The authors claim "well-preserved" wing and tail feathers however, only the faint impression of the terminus of the retrices are visible from their photographs. Although there is an apparent outline of the wing, individual feather details cannot be seen in the photographs provided. For instance, there is no area on the fossilized wing where one can determine whether or not the feathers are asymmetrical. This is also true for the purported wing slots -- because of these issues it is difficult to see how an aerodynamic model can be constructed.

Also problematic is that none of the feathers can be traced to their respective attachment sites. Perhaps this is the quality of the photographs. I would suggest cross-lighting or laser/UV to enhance such details.

Experimental design

Because of the lack of details on the feathers and wing the aerodynamics are questionable especially in light of the very broad results reported for mass.

The reconstructed body outline with plumage does not appear accurate. Please check the proportions of the alula to the wing.

The specimen should be examined radiographically to ensure its integrity and to reveal osteologic details such as the shape of the hypocleidiem.

Validity of the findings

The osteological description is well written and clearly adds to our knowledge of this type of bird.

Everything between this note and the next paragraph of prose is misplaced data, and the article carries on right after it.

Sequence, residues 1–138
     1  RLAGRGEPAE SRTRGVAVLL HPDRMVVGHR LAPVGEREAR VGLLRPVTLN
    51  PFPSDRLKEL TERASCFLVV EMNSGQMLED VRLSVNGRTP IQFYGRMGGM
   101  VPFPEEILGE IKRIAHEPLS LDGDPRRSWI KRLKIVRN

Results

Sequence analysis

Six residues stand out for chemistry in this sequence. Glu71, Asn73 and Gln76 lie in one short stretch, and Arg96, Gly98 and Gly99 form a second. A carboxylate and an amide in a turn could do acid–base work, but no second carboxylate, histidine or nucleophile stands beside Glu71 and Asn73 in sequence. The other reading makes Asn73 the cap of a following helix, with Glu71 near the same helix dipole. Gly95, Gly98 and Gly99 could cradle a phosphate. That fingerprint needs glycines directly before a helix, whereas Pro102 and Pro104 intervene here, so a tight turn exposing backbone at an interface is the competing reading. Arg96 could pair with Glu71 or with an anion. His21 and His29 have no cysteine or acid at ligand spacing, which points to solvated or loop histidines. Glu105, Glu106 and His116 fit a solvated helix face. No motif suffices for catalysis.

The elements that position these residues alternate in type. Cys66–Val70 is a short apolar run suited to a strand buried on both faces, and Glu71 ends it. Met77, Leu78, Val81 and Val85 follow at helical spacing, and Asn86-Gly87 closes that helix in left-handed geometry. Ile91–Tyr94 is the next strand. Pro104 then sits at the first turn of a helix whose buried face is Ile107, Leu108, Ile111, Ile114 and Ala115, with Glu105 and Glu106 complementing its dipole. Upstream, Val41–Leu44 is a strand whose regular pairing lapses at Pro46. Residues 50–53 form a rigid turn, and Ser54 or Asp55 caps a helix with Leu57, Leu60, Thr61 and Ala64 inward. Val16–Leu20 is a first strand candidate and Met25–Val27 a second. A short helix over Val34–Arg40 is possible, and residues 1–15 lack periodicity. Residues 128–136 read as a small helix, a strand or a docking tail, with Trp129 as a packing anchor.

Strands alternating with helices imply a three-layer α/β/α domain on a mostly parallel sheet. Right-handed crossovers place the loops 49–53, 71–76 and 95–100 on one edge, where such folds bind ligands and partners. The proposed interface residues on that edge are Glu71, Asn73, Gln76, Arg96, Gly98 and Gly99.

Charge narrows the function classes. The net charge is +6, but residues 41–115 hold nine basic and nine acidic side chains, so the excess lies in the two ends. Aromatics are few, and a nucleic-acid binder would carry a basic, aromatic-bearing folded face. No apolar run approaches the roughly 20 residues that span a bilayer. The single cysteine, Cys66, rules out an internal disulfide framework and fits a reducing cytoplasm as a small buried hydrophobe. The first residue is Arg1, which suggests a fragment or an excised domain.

However, the conclusions pertaining to the mode of flight is over reaching and thus the commentary is speculation rather than solid results and should be identified as such. In particular, the Aerodynamic section mentions wing tip slotting in modern birds of this type but there is absolutley no evidence that can seen to demonstrate their specimen had tip slots.

It was not apparent if the analysis would be skewed based on feather geometry which was not mentioned.

Comments for the author

The specimen needs to be re-photographed in a way to display the feathers and verify wing slots and feather symmetry.

Although the distal portion of the tail is preserved, the length is an assumption since the feathers cannot be traced to their origin in relation to the specimen.

The discussion on gastroliths provides no new information and should be reduced in length.

The discussion on pygostyle is apparently based on other specimens and it is difficult to evaluate in this paper without the other specimens being figured.

The references contain gray literature and should be removed.

Reviewer 2 ·

Basic reporting

Pass. Italics seem to be missing in the abstract. The introduction seems sufficient and the review, good.

Experimental design

Pass. Clearly organized.

Validity of the findings

Two areas for improvement.